Scott Alexander, (NO_ITEM_DATA:alexanderBookReviewSecretOurSuccess2019)


A book review and summary of the key points in (NO_ITEM_DATA:henrichSecretOurSuccessHowCultureDrivingHumanEvolutionDomesticatingOur2016).


See Joseph Patrick Henrich | The Secret of Our Success.



“Culture is the secret of humanity’s success” sounds like the most vapid possible thesis. The Secret Of Our Success by anthropologist Joseph Henrich manages to be an amazing book anyway.

Henrich wants to debunk (or at least clarify) a popular view where humans succeeded because of our raw intelligence. In this view, we are smart enough to invent neat tools that help us survive and adapt to unfamiliar environments.

Against such theories: we cannot actually do this. Henrich walks the reader through many stories about European explorers marooned in unfamiliar environments. These explorers usually starved to death. They starved to death in the middle of endless plenty. Some of them were in Arctic lands that the Inuit considered among their richest hunting grounds. Others were in jungles, surrounded by edible plants and animals. One particularly unfortunate group was in Alabama, and would have perished entirely if they hadn’t been captured and enslaved by local Indians first.

These explorers had many advantages over our hominid ancestors. For one thing, their exploration parties were made up entirely of strong young men in their prime, with no need to support women, children, or the elderly. They were often selected for their education and intelligence. Many of them were from Victorian Britain, one of the most successful civilizations in history, full of geniuses like Darwin and Galton. Most of them had some past experience with wilderness craft and survival. But despite their big brains, when faced with the task our big brains supposedly evolved for – figuring out how to do hunting and gathering in a wilderness environment – they failed pathetically.

Nor is it surprising that they failed. Hunting and gathering is actually really hard. Here’s Henrich’s description of how the Inuit hunt seals:

You first have to find their breathing holes in the ice. It’s important that the area around the hole be snow-covered—otherwise the seals will hear you and vanish. You then open the hole, smell it to verify it’s still in use (what do seals smell like?), and then assess the shape of the hole using a special curved piece of caribou antler. The hole is then covered with snow, save for a small gap at the top that is capped with a down indicator. If the seal enters the hole, the indicator moves, and you must blindly plunge your harpoon into the hole using all your weight. Your harpoon should be about 1.5 meters (5ft) long, with a detachable tip that is tethered with a heavy braid of sinew line. You can get the antler from the previously noted caribou, which you brought down with your driftwood bow.

The rear spike of the harpoon is made of extra-hard polar bear bone (yes, you also need to know how to kill polar bears; best to catch them napping in their dens). Once you’ve plunged your harpoon’s head into the seal, you’re then in a wrestling match as you reel him in, onto the ice, where you can finish him off with the aforementioned bear-bone spike.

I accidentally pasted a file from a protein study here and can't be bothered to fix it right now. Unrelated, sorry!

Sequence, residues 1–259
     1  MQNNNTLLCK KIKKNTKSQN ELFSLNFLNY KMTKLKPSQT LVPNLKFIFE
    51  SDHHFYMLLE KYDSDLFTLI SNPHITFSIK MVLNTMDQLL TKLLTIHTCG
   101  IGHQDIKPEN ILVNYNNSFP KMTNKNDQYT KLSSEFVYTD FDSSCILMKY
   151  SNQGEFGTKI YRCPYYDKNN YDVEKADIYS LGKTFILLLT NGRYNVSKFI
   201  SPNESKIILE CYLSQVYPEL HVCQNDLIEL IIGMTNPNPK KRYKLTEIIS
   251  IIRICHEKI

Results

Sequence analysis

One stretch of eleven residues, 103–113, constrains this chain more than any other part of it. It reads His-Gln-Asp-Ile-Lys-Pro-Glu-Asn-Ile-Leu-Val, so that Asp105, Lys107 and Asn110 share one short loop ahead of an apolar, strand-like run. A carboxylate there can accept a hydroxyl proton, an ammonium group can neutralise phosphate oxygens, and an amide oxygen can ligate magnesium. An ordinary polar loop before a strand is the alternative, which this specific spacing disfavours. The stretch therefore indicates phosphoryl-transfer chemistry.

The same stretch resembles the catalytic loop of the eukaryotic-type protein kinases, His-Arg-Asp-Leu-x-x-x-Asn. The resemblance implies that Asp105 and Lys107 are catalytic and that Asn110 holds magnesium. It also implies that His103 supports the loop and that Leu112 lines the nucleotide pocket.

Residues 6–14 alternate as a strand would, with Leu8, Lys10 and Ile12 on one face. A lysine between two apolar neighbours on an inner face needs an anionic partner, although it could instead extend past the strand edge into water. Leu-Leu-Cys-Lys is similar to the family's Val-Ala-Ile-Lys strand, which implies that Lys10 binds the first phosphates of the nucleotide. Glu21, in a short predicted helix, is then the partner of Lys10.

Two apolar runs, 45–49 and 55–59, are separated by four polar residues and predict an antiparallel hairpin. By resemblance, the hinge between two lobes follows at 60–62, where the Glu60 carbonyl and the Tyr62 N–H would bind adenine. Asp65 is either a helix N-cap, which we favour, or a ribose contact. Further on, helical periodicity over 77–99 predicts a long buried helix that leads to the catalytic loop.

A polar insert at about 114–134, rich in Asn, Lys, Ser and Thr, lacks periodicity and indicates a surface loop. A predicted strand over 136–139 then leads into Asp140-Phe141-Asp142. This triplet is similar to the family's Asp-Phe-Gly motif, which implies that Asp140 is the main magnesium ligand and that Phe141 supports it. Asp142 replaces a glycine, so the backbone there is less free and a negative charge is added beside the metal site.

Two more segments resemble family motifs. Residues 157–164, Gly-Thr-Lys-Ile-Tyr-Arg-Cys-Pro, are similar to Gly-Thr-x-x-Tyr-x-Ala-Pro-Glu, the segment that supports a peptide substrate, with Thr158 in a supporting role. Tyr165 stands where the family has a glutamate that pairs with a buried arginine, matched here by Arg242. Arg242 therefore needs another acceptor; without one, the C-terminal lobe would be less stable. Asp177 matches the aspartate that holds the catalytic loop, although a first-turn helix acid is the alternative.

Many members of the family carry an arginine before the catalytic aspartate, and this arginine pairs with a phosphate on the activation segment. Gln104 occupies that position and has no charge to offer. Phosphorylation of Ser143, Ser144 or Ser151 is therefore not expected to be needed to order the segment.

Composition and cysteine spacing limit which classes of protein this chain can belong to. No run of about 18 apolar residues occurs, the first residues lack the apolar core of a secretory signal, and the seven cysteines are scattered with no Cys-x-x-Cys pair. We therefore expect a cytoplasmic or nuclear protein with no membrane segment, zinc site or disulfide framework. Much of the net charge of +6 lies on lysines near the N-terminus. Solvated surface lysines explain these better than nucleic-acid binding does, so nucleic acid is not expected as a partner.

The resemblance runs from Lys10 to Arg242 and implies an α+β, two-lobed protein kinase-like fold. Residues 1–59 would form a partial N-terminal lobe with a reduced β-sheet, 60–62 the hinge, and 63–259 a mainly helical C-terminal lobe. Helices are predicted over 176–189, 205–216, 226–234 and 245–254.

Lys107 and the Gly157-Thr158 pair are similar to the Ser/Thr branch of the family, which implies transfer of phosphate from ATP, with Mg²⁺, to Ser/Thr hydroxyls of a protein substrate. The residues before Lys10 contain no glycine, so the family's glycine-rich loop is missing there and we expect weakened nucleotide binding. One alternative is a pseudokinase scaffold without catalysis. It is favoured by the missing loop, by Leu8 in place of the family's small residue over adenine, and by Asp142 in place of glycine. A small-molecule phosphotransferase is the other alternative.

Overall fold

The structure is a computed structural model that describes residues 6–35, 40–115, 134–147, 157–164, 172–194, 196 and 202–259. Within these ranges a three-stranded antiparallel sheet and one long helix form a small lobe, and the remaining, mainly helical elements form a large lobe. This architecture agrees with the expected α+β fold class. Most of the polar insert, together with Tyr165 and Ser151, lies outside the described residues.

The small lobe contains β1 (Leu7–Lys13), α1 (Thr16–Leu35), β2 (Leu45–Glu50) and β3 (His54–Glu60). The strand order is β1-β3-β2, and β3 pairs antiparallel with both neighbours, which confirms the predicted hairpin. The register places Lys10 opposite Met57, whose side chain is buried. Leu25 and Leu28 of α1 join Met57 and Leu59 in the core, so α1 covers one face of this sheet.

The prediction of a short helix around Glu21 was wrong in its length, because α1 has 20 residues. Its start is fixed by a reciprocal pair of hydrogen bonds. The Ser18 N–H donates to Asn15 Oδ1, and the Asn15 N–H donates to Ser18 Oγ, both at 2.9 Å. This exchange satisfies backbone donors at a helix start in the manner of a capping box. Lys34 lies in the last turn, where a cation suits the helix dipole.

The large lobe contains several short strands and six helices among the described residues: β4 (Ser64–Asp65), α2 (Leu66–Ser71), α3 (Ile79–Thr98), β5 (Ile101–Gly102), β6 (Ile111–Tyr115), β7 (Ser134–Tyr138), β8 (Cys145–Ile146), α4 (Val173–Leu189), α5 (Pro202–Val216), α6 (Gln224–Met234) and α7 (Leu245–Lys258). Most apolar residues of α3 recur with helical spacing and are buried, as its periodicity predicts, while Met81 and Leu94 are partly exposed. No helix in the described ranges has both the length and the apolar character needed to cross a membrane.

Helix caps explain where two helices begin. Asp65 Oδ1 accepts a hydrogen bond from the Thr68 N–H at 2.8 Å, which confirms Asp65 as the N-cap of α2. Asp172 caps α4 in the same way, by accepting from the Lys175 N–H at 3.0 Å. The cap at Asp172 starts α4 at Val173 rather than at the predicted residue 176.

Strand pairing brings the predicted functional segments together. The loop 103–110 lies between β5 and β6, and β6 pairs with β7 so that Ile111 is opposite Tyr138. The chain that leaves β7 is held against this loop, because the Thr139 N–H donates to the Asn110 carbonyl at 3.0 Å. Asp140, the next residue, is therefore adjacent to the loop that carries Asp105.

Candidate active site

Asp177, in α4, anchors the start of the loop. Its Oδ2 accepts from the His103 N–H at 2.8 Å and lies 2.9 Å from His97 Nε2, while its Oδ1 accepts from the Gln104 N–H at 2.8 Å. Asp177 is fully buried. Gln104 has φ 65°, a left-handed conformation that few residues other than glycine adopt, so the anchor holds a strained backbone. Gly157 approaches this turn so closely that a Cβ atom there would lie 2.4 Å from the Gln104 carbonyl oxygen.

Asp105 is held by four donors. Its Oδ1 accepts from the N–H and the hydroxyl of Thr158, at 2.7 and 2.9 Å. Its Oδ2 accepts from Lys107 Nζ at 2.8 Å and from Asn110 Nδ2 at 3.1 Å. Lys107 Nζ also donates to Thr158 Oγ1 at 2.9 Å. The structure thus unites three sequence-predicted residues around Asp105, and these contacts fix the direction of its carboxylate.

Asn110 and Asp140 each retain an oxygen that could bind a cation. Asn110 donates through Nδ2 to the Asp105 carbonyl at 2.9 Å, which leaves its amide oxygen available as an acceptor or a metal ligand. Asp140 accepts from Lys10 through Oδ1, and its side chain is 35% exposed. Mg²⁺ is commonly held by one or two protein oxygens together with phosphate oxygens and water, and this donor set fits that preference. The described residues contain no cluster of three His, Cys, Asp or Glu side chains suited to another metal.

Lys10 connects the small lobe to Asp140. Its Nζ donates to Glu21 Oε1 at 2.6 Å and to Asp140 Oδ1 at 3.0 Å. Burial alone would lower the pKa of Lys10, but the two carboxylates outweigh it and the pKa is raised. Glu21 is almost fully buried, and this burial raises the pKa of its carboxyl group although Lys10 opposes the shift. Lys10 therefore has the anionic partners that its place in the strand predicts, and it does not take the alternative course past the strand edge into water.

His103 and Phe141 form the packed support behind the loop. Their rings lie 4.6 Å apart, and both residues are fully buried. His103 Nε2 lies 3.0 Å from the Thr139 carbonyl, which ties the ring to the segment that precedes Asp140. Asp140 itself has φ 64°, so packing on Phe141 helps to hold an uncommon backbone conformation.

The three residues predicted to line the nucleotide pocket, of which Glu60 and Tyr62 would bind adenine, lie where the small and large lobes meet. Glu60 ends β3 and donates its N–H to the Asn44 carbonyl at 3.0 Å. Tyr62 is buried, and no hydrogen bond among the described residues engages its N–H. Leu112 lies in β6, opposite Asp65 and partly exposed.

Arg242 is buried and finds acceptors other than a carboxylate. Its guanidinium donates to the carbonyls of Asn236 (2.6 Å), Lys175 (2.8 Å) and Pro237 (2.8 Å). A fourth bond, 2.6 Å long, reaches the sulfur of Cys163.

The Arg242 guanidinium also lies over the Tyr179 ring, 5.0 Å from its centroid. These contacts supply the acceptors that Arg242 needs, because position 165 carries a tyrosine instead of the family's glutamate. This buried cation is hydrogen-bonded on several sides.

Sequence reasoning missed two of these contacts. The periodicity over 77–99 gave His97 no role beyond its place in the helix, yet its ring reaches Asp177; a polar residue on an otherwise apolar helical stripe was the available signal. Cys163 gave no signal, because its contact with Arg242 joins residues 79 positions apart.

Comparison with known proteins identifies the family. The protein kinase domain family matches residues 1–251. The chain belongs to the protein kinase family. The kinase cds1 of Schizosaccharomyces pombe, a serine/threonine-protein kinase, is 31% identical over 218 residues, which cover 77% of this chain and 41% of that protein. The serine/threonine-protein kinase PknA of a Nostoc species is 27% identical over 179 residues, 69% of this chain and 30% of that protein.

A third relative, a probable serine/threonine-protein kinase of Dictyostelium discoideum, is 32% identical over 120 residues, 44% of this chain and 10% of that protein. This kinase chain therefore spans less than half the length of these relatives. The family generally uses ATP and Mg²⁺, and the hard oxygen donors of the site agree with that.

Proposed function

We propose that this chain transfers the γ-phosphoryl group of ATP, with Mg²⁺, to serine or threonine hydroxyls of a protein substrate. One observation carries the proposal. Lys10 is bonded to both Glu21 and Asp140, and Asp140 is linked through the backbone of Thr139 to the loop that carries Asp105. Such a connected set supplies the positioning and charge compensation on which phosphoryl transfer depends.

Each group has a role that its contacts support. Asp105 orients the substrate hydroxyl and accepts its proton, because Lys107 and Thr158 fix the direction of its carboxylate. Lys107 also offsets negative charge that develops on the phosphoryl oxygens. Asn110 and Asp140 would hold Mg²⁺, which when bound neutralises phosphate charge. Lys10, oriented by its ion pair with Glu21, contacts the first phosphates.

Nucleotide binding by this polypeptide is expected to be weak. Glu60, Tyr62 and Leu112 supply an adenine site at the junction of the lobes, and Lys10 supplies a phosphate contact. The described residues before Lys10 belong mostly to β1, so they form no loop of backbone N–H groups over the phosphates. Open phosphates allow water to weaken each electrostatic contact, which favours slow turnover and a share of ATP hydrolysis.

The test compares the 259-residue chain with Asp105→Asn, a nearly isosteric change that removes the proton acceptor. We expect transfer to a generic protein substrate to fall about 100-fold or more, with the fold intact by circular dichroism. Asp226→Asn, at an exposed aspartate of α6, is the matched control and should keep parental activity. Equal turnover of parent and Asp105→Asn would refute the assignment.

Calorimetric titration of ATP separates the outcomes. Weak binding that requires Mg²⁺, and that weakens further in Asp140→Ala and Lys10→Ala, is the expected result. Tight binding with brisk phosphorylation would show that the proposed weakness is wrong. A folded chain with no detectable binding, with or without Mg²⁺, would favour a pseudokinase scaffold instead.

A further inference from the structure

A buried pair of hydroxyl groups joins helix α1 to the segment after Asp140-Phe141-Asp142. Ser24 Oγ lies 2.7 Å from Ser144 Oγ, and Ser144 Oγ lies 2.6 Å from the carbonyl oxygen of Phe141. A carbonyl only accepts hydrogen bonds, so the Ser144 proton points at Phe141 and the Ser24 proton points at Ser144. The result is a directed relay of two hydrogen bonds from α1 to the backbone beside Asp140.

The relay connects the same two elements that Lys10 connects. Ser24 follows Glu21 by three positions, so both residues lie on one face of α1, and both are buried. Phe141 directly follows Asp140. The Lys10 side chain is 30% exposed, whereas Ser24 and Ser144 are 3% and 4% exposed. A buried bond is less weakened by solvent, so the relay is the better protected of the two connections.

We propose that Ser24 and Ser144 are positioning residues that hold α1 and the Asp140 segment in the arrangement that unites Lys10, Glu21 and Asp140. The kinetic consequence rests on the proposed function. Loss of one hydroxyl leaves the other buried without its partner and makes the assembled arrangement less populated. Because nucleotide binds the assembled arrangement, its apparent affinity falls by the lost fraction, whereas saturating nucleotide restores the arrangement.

Now you have a seal, but you have to cook it. However, there are no trees at this latitude for wood, and driftwood is too sparse and valuable to use routinely for fires. To have a reliable fire, you’ll need to carve a lamp from soapstone (you know what soapstone looks like, right?), render some oil for the lamp from blubber, and make a wick out of a particular species of moss. You will also need water. The pack ice is frozen salt water, so using it for drinking will just make you dehydrate faster. However, old sea ice has lost most of its salt, so it can be melted to make potable water. Of course, you need to be able to locate and identify old sea ice by color and texture. To melt it, make sure you have enough oil for your soapstone lamp.

No surprise that stranded explorers couldn’t figure all this out. It’s more surprising that the Inuit did. And although the Arctic is an unusually hostile place for humans, Henrich makes it clear that hunting-gathering techniques of this level of complexity are standard everywhere. Here’s how the Indians of Tierra del Fuego make arrows:

Among the Fuegians, making an arrow requires a 14-step procedure that involves using seven different tools to work six different materials. Here are some of the steps:

– The process begins by selecting the wood for the shaft, which preferably comes from chaura, a bushy, evergreen shrub. Though strong and light, this wood is a non-intuitive choice since the gnarled branches require extensive straightening (why not start with straighter branches?).

– The wood is heated, straightened with the craftsman’s teeth, and eventually finished with a scraper. Then, using a pre-heated and grooved stone, the shaft is pressed into the grooves and rubbed back and forth, pressing it down with a piece of fox skin. The fox skin becomes impregnated with the dust, which prepares it for the polishing stage (Does it have to be fox skin?).

– Bits of pitch, gathered from the beach, are chewed and mixed with ash (What if you don’t include the ash?).

– The mixture is then applied to both ends of a heated shaft, which must then be coated with white clay (what about red clay? Do you have to heat it?). This prepares the ends for the fletching and arrowhead.

– Two feathers are used for the fletching, preferably from upland geese (why not chicken feathers?).

– Right-handed bowman must use feathers from the left wing of the bird, and vice versa for lefties (Does this really matter?).

– The feathers are lashed to the shaft using sinews from the back of the guanaco, after they are smoothed and thinned with water and saliva (why not sinews from the fox that I had to kill for the aforementioned skin?).